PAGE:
Is Oracle Putting Its Salesforce Into Commissions Debt?

business_ethics_highlights_2How ethical are retroactive employment contract clauses? Here, a former Oracle employee avers that Oracle’s standard salesperson contract permits Oracle to retroactively change commission rates, placing in jeopardy previously earned sales commissions. In the extreme case, these changes in previously earned commissions leave salespeople effectively in debt to the company—having received commissions in excess of what they are owed when the new compensation scheme is applied retroactively to “old” commissions. A plaintiff in an ongoing lawsuit against Oracle, the claimant maintains that these practices violate the California Labor Code, in part, because they seem constructively to be a kind of kickback arrangement.

One quick thought on retroactively applied rules and standards: In public law, theorists of what is called “the rule of law” insist that one of the ideal features of a well-functioning legal system is that newly-made law be prospective in its application. When newly-made law is applied retrospectively, it means that the people subject to the newly-made law were not able to guide their conduct by law—and thus law fails to fulfill its action-guiding function for those who are subject to it. Is the same true of private law (of which contract law is a part)? >>>

LINK: Oracle ‘systematically stiffed its salesforce’ claims new sueball (by Simon Sharwood for The Register)

A new lawsuit filed by a former Oracle employee alleges the software giant “has systematically stiffed its sales force of earned commission wages for many years, by scrapping contractual compensation plans when they yield commission earnings that are higher than Oracle would prefer to pay and retroactively imposing inferior – i.e. less remunerative – numeric terms.”

Claimant Marcella Johnson, an Oracle employee during 2013 and 2014, goes on to claim that when Big Red offers its sales representatives a new compensation plan, they’re given 24 hours to either accept it or forego earned-but-as-yet-unpaid commissions. The filing also claims that Oracle’s changes mean that retrospective changes to commissions sometimes see employees deemed to have been over-paid. Those workers are then deemed to have a “negative commission” debt to Oracle, which is recovered by not paying new commissions. If an employee considers leaving, the filing says Oracle points out it can recover the debt in court.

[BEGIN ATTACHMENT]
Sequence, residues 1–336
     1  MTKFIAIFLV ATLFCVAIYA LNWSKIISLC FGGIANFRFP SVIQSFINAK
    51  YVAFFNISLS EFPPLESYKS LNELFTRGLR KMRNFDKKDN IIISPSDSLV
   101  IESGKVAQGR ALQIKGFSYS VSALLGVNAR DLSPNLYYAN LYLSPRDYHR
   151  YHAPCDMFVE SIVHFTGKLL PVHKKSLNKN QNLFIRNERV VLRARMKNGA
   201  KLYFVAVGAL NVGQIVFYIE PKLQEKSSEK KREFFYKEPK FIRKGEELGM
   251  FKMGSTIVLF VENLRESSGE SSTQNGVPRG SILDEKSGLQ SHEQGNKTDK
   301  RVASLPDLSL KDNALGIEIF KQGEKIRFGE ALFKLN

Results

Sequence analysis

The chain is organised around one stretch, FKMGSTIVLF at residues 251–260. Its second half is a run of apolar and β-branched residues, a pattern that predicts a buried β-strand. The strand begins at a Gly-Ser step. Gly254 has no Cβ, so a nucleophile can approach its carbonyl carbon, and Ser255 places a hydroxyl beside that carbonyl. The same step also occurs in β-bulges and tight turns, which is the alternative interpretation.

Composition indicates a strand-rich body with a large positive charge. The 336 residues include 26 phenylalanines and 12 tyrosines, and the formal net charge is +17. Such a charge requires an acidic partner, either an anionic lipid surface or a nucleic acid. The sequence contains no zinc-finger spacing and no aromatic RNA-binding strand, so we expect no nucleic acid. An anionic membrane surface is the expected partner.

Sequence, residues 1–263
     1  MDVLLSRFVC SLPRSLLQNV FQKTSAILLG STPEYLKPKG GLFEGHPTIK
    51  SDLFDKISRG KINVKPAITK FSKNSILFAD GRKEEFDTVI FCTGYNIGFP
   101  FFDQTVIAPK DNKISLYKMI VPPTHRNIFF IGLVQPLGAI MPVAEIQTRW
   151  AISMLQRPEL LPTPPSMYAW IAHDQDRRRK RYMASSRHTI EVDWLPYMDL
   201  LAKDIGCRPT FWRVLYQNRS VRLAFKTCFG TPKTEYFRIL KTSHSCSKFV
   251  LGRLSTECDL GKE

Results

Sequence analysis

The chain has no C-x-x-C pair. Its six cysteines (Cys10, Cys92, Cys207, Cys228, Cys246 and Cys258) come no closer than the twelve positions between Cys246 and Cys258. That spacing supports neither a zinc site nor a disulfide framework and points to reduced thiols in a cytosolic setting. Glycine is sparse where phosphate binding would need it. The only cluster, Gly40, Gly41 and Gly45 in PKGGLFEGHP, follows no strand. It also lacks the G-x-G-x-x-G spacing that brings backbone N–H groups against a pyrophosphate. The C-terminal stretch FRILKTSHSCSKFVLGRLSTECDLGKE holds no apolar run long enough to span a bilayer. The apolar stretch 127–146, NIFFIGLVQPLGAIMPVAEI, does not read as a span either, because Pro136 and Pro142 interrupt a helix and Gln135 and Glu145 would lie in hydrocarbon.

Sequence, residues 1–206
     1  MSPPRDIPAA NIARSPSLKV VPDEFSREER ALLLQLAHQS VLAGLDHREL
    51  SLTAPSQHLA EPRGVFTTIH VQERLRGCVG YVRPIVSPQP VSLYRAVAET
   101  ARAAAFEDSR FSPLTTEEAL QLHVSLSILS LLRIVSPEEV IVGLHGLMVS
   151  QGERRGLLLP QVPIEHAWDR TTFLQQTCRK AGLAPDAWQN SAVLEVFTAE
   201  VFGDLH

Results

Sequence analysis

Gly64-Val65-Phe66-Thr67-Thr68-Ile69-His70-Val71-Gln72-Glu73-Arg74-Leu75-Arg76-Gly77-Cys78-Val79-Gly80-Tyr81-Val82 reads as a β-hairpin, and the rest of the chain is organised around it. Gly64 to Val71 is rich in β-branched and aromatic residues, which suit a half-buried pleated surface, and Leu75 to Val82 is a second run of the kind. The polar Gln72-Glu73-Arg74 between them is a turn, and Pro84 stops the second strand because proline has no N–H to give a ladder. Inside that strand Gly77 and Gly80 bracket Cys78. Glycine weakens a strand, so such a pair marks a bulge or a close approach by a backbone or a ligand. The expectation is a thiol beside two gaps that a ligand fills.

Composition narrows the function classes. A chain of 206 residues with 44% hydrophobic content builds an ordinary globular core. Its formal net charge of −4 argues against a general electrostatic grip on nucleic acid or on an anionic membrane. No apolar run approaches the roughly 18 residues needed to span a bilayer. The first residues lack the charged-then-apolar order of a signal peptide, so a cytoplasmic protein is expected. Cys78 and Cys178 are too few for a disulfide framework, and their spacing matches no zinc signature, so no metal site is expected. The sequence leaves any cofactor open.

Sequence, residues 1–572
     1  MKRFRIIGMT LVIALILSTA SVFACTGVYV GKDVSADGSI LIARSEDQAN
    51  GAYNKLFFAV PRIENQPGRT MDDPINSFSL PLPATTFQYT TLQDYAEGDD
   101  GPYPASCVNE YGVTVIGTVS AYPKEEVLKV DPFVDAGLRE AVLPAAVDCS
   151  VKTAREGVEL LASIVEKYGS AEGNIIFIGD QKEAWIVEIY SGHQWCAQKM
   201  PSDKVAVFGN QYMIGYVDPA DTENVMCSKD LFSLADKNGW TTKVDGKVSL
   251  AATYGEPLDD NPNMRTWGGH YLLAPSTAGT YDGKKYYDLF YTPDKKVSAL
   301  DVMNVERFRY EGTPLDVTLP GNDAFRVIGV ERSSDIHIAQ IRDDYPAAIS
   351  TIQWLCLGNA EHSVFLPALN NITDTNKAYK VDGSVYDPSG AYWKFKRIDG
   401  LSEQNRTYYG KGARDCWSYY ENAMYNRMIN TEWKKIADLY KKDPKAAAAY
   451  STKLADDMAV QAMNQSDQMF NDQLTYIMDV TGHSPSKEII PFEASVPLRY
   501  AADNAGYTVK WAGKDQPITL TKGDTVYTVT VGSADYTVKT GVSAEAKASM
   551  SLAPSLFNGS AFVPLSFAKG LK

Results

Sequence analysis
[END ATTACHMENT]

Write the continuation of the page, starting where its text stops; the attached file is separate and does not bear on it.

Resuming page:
The filing concedes that Oracle workers sign up for this: their contracts state that Oracle can change compensation plans at its pleasure. But the suit argues the practice tips over into illegal territory by violating several sections of the California Labor Code, especially Sections 221, 223 and 2751.

Big Red’s Deborah Hellinger told The Register: “Oracle categorically denies the allegations and we will vigorously defend against them.” …

What do you think?


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One comment

  1. Neil Rothenberg

    Maybe legal, from an ethical point of view it depends on which ethical principle the practice is viewed from, the practices and procedures regarding how the policy is implemented and the employee awareness of the policy and practice. For example a company may institute a rolling system of commissions, in which employees are expected to maintain a certain level of sales over time and a significant drop in sales within a period can serve to reduce previous earned commissions based on certain thresholds. If this system was clearly articulated to employees who accept it as part of their working arrangements, while I am not sure I would want to work there, it is difficult to ascertain how such a system would be unethical.

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